This armature of the realm between the visible (misurare) and invisible (fantasticare) is geometry. Plato’s divided line in the Republic is perhaps the most salient example, revealing the power of geometry to act as a mode of representation, as an in-between procedure which relies on visual thinking in the demonstration of Plato’s two modes of reality (the intelligible realm of episteme vs. the physical realm of doxa).56 This practice is again picked up in the Meno, where Socrates validates the principle of recollection by means of a geometrical drawing made in the sand.57 However, whereas in the Republic Plato relies on a verbal description of the Line, in the Meno Plato has us imagine the square through the visualization of a physical drawing, validating the power of geometry in the transmission of an idea through actual physical representation. Plato’s employment of geometry as a kind of transparent system of signs is parallel58 to Serlio’s idea of hidden lines, or linee occulte. For Serlio in his 16th century treatise on architecture, linee occulte were those lines on a drawing which reveal the connection between the physical, practical structure of a building and the invisible, hidden properties of perfect forms.59 Our best contemporary equivalent, ‘ghosted’ or ‘vanishing’ lines, still supports this notion of the power of geometry to conceal certain secret relationships buried beneath the concerns of the composite, material building. These secrets are inevitably tied to the notion of the building as a corpus, with a magical coherence and indivisible rectitude, understood supra-visibly, as in lines guiding the hand of construction. In describing the steps in constructing a perspective drawing, Serlio states that first the student must draw a skeleton of transparent linee occulte which act as the guiding armature for the geometrical body under consideration: “...all the lines which cannot be seen are hidden (occulte). Nor is there any difference between a transparent body (corpus) and a solid body...[as in a human body] the flesh covers the skeleton, but the skeleton is nevertheless there, hidden inside. In the same way, those artists who have seen the skeletons of humans and animals are more skilful and have a better understanding of the art than those who deal with the subject superficially, only making use of outward appearance.” 60 Filarete follows a similar invisible procedure while setting up the drawings for the Sforzinda cathedral. Recall that Filarete’s first act is to lay out a 150 braccia square on his drawing tavola. The very next step is to take the compasses and divide the large square into little squares of 10 braccia each, setting up what amounts to a 15 x 15 grid of linee occulte.61 These lines denote the invisible skeleton of the future body, placing the walls, columns, and vaults in their proper relationships according to the visible lines represented on a drawing. This process of gridding a drawing (disegno proporzionato) is repeated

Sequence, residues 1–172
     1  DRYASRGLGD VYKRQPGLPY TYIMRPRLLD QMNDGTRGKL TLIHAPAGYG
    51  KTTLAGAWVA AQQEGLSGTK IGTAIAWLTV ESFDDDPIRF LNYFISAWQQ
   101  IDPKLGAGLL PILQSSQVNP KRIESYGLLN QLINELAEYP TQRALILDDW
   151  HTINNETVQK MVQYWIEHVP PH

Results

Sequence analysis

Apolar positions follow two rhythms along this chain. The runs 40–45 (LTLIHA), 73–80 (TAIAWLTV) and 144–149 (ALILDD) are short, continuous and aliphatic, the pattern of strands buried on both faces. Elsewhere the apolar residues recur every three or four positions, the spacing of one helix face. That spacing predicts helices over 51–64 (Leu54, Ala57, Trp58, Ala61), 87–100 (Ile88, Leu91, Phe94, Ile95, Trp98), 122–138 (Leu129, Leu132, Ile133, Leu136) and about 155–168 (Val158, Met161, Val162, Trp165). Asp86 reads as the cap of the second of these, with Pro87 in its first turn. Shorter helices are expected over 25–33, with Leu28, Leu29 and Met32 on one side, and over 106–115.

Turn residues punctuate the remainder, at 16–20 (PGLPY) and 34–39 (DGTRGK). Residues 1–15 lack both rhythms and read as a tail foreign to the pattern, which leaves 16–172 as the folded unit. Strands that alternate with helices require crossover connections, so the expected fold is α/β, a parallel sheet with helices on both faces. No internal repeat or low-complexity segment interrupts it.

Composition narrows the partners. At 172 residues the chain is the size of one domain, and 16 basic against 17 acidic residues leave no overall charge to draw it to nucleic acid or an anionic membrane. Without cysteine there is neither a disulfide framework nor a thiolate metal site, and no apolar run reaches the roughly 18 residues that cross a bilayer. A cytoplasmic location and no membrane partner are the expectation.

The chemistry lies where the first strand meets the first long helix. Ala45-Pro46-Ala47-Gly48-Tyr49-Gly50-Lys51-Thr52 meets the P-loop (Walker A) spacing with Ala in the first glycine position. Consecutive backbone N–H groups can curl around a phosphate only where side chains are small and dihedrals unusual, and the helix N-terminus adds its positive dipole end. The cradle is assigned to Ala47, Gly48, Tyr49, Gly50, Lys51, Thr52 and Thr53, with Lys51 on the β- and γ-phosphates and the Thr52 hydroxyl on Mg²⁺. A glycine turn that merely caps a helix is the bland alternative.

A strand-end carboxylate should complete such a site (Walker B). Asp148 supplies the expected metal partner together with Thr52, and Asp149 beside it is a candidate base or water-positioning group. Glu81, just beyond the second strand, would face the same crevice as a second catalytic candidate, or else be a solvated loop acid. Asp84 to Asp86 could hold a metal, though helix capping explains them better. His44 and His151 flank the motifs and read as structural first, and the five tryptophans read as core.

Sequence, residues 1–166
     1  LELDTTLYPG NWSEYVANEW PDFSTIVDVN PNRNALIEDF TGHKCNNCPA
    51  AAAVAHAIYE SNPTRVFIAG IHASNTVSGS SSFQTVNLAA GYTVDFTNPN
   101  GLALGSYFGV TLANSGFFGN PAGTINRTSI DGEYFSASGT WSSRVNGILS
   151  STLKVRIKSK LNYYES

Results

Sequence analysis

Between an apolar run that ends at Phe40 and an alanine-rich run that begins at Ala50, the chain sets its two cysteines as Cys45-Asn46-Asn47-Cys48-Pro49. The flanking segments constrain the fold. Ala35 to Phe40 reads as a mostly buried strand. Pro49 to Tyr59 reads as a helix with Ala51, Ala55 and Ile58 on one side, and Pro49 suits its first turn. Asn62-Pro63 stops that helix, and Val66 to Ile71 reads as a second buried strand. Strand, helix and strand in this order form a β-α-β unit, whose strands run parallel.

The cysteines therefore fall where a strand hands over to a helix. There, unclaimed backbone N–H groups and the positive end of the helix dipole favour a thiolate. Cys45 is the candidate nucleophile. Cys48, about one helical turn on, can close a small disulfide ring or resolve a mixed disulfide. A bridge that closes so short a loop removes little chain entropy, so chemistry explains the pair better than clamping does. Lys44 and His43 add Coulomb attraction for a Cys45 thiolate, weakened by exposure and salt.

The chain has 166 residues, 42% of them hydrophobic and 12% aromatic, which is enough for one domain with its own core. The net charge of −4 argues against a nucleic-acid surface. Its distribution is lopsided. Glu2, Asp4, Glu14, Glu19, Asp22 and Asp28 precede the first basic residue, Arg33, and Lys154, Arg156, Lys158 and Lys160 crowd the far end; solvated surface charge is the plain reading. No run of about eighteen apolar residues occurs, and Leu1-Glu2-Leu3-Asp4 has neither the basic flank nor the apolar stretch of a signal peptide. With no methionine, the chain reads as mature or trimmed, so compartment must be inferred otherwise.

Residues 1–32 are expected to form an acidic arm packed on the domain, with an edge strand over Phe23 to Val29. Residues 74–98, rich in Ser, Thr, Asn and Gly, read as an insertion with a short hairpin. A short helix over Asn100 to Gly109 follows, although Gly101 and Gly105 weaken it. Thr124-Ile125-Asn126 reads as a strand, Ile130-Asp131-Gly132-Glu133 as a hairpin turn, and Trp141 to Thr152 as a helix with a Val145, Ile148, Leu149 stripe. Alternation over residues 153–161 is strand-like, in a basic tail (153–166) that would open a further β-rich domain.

From this [geometrical proof] can be seen how bodies (corpi) which are more perfect (perfetti) have more power (forza) than bodies which are less perfect. It is the same with mankind (l’huomo). The closer man gets to the mind of God (intelletto a Dio), which is perfection itself, the more goodness he has in himself...
Serlio’s neoplatonist demonstration is indicative of Ficino’s notion of qualitas. In his chain of being, Ficino posits the existence of a in-between entity, one that mediates between corpus and anima (the soul) and has the properties of moving the otherwise passive body. Like the soul, it is indivisible, but it shares in the properties of corpus insofar as “if it is separated from matter [it is] corrupted”. Ficino continues: It is as though motion’s efficacy consists in qualitas. The point is clearly demonstrated by the fact that our desire (appetitus) is aroused by something because it is good, not because it is large or multiple; and goodness (bonus) is a qualitas.64 For Filarate and our Sforzinda cathedral, it is the task of the architect to determine the appropriate qualità for the body of the building, since, analogous to man, it possesses qualità of both the body and the soul.65 Similar to Serlio, Filarete’s notion of qualità is a
the hidden body :: linee occulte from the hand of Serlio